Otaku USA Magazine
ID-0 [Anime Review]

Mostly a sci-fi miss

Space is the place to be in ID-0, a 2017 3DCG TV anime with direction by Goro Taniguchi (Planetes, Maria the Virgin Witch) and animation by Sanzigen. Set in the distant future, in ID-0 humanity has begun exploring and colonizing deep space thanks to two technologies based on quantum entanglement: the Miguel Network, a vast section of charted space littered with relays that allow for instantaneous telecommunications as well as hyper-space navigation; and the Mind Trance system, a technology that allows people to project their personalities into robots known as I-Machines that can perform difficult and dangerous work in the unrelentingly hostile conditions of outer space. Both of these technologies owe their existence to a miraculous mineral known as Orichalt, and extracting Orichalt is the daily routine of Excavator Ido and the rest of the crew of the STULTI, a mining ship owned by Excavate Company, an independent organization that operates on the borders of legality.

After a run in with space pirates results in Maya Mikuri, a young woman studying to be an astrogeologist, being press-ganged into the crew of the STULTI, things take a turn for the strange for Maya and her new company of mighty space miners. Their most recent payload of Orichalt is deemed illegal by the United Planets Force, and the situation gets even weirder when a young human girl materializes from the heart of the soon-to-be-confiscated Orichalt crystal. The members of Excavate Company then find themselves fugitives from the law, pursued by superior forces and wrapped up in a galaxy-spanning conspiracy. Meanwhile, the brooding Ido is trapped in an I-Machine body, suffering from amnesia and seeking to recover his lost memories. The plot is further complicated by a mysterious, teleporting alien life-form that threatens to absorb all the Orichalt in the galaxy and in the process bring human civilization to a crashing halt.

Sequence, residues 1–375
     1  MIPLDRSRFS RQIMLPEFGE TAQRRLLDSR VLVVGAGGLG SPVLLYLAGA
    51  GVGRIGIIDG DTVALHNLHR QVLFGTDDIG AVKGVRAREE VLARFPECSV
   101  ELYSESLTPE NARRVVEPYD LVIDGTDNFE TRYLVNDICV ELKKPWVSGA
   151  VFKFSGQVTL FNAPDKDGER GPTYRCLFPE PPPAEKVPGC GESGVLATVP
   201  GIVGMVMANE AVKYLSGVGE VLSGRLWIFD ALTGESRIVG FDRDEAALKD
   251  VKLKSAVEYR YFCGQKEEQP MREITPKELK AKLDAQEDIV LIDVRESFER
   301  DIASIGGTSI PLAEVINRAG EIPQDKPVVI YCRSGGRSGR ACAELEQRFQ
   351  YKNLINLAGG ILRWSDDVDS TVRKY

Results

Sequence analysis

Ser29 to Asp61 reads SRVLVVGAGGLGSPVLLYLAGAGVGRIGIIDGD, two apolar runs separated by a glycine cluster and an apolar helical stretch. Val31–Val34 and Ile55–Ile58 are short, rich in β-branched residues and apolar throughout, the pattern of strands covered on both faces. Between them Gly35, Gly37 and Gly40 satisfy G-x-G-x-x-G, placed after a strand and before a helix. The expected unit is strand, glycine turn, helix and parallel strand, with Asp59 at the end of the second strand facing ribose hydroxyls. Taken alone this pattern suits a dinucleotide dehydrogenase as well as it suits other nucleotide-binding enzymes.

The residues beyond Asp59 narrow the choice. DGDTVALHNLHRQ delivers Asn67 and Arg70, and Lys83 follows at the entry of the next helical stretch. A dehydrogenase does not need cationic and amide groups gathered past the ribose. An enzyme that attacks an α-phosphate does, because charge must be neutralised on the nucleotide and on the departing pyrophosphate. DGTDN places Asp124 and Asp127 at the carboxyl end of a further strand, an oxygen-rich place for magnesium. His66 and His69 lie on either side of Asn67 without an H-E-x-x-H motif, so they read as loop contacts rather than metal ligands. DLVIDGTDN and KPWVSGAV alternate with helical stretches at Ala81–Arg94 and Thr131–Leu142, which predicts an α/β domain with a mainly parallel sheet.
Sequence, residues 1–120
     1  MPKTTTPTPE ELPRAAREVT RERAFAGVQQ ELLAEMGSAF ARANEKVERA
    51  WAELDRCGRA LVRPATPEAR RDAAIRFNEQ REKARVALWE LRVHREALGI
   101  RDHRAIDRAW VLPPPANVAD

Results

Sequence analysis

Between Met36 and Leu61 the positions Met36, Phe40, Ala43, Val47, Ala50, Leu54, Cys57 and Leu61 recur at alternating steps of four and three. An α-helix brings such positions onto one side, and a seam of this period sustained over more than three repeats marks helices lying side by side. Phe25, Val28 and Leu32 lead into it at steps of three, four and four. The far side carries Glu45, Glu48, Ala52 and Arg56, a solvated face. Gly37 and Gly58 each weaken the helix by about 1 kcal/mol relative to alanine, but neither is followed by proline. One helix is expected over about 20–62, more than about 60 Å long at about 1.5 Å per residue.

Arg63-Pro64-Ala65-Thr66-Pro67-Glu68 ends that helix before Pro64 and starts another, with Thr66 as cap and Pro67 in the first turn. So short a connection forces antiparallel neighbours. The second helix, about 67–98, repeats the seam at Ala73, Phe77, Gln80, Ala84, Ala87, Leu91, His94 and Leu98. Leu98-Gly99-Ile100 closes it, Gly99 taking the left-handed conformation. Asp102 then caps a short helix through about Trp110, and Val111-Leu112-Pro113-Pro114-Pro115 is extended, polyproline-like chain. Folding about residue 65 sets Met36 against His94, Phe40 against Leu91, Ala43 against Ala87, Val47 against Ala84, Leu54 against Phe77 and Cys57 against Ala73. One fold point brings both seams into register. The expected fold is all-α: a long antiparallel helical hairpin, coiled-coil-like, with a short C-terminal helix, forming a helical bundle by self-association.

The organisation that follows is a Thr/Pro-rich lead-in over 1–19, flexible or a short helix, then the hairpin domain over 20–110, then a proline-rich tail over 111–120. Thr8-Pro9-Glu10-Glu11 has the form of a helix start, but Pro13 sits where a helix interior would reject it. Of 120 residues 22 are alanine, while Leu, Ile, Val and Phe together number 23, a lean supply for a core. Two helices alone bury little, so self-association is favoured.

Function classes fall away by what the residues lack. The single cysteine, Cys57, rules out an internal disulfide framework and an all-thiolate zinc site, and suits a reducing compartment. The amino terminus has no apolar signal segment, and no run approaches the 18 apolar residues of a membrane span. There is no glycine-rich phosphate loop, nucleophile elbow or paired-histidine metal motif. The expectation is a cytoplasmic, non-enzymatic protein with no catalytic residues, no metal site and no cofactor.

If all of that sounds complicated and scattershot, that’s because it is. ID-0 has two main plotlines (one focusing on Ido and his missing memories, the other centering on the intergalactic threat of the alien life form Rajeev) as well as numerous subplots involving everything from human cloning to unethical scientific experimentation. Although the series manages to tie up most of the plot threads introduced in its scant 12-episode run-time, the story never really comes together in an emotionally satisfying way. Veteran screenwriter Yousuke Kuroda (who also worked on such hit series as My Hero Academia and Gundam Build Fighters) is credited with both the series composition and the scripts for ID-0, but the writing for the series just falls flat when it doesn’t come across as jumbled to the point of confusion. On the other hand, the mechanical designs by Fumihiro Katagai, Takayuki Yanase, and Takeshi Takakura are on point, creating a richly detailed setting filled with realistic spaceships, orbital colonies, and the humanoid robots known as I-Machines. The character animation by Sanzigen is strong, although some of the scenes involving I-Machines are choppy and some of the heavenly bodies encountered (such as the fields of asteroids) look low-res.

An original series with solid production values but a weak script and an inconsistent tone, ID-0 is currently available via online streaming as part of Netflix’s original anime programming. The series is published with multiple international dubs (English, French, German, and Spanish) as well as the original Japanese language with various subtitle options. Although it has some relatable characters and some interesting Trans-humanist themes, ID-0 never quite sticks the landing like earlier Sanzigen works. It lacks the humor and emotional nuance of Arpeggio of Blue Steel and the visual splendor and breath-taking action sequences of BBK/BRNK, ultimately giving off the impression of a passion project where the creators bit off more than they could chew. If you’re heavy into science fiction and you already have a Netflix subscription, there are worse ways to spend your time, but otherwise ID-0 is a hard sell to both casual anime fans and hardcore otaku alike.

Studio/company: Netflix
available: Now
rating: Not Rated

This story appears in the Spring 2018 issue of Anime USA Magazine. Click here to get a print copy.